Segregated Witness (SegWit)

This 2017 update introduced a soft fork of the Bitcoin blockchain, segregating a Bitcoin transaction into two sections. By adding a “witness data” section capable of supporting arbitrary data, SegWit overcame blocksize limit restrictions and enabled optional data transmission. While not specifically designed for ordinal NFTs, this update inadvertently created the conditions for their development.

Segregated Witness (SegWit) innovatively segregates transaction information from witness (signature) data, creating distinct sections.

Witness data was initially designed to:

1. Overcome the strict constraints of the blocksize limit

2. Enable the transmission of optional, arbitrary data

3. Safeguard against unintentional transaction malleability

In a technical context, the introduction of Segregated Witness (SegWit) brought a significant shift, eliminating the necessity for transactions to carry witness data, commonly the sender’s digital signature. Instead, a dedicated space for witness data was ingeniously created as a distinct structure at the block’s end. This space not only facilitated arbitrary data transmission but also featured a discounted “block weight.” This strategic design ensured that substantial data could be accommodated within Bitcoin’s block size limit, skillfully avoiding the need for a hard fork. This pivotal development laid the groundwork for ordinal NFTs, pushing the boundaries of how much arbitrary data one could seamlessly include in a transaction.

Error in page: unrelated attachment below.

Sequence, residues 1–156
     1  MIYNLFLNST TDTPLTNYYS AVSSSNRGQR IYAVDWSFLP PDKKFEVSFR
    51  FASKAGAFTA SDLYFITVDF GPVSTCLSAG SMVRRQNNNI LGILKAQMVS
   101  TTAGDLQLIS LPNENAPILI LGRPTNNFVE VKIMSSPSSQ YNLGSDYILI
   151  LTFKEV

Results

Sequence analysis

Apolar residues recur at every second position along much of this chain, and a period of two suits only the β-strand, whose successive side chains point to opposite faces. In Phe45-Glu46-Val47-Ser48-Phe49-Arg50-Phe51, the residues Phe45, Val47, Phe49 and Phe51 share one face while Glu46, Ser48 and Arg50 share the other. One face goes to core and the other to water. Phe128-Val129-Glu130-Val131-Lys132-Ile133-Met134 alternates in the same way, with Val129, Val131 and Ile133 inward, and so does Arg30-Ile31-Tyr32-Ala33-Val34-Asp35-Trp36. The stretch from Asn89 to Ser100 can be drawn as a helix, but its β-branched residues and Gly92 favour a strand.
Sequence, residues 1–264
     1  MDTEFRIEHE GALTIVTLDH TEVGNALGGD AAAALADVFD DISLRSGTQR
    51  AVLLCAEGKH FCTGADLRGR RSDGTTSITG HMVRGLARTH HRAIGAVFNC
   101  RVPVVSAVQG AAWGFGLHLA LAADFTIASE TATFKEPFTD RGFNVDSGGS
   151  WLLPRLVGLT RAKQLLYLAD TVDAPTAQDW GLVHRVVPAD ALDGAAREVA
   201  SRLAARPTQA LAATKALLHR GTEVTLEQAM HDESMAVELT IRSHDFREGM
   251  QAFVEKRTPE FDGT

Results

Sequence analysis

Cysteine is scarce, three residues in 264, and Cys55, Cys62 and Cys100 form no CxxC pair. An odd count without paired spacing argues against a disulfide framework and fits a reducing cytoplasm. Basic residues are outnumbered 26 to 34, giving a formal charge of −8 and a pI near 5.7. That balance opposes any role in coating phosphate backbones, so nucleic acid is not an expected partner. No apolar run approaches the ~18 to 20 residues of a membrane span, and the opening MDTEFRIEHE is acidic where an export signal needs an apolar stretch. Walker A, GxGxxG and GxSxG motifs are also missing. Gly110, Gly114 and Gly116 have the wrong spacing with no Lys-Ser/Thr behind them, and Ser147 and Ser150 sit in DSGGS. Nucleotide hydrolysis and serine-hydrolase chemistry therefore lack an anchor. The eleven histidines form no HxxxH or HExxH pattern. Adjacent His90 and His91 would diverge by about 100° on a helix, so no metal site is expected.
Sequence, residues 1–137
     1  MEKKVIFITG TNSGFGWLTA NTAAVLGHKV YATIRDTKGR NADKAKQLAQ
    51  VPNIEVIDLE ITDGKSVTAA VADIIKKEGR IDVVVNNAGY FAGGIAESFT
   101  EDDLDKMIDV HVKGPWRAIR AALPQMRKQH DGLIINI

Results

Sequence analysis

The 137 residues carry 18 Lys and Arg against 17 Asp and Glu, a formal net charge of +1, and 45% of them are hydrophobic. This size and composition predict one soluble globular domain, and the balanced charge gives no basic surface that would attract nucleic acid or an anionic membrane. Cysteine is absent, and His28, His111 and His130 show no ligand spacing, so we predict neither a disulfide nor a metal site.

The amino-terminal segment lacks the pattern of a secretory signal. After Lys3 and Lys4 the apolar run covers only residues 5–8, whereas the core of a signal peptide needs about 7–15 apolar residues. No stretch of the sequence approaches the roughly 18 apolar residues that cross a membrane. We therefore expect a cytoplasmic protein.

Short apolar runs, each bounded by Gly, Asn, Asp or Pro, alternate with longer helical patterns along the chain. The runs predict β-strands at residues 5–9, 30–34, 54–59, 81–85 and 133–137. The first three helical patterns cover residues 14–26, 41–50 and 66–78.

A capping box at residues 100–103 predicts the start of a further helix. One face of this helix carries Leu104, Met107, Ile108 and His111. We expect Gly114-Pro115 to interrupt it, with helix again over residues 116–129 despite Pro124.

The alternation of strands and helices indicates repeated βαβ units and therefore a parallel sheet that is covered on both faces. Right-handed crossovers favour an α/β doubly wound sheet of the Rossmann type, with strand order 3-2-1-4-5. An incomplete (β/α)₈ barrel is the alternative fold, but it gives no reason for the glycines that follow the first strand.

Implemented in November 2021, Taproot aimed to enhance Bitcoin’s privacy, scalability, and security. By facilitating the storage of arbitrary witness data and relaxing limitations on data within a Bitcoin transaction, Taproot played a crucial role in enabling ordinal NFTs. The upgrade improved the structure and storage of arbitrary witness data, forming the basis for the “ord” standard.

These advancements played a pivotal role in empowering ordinal NFTs, housing NFT data within Taproot script-path spend scripts. This enhancement simplified the organization and storage of diverse witness data, laying the groundwork for the “ord” standard. The eased data criteria allowed a single transaction to potentially occupy an entire block, pushing transaction and witness data up to the block size limit of 4MB. This significant expansion broadens the spectrum of media types that can find a place on the blockchain.

How Bitcoin NFTs Operate

To comprehend the functionality of ordinal NFTs, it’s essential to distinguish between “ordinals” and “inscriptions,” terms frequently used to describe this new type of Bitcoin NFT.

  • Ordinals: These establish a system for ordering satoshis, creating the “non-fungible property essential for NFTs.
  • Inscriptions: This refers to the content of the ordinal NFT itself — whether it’s an image, text, or video.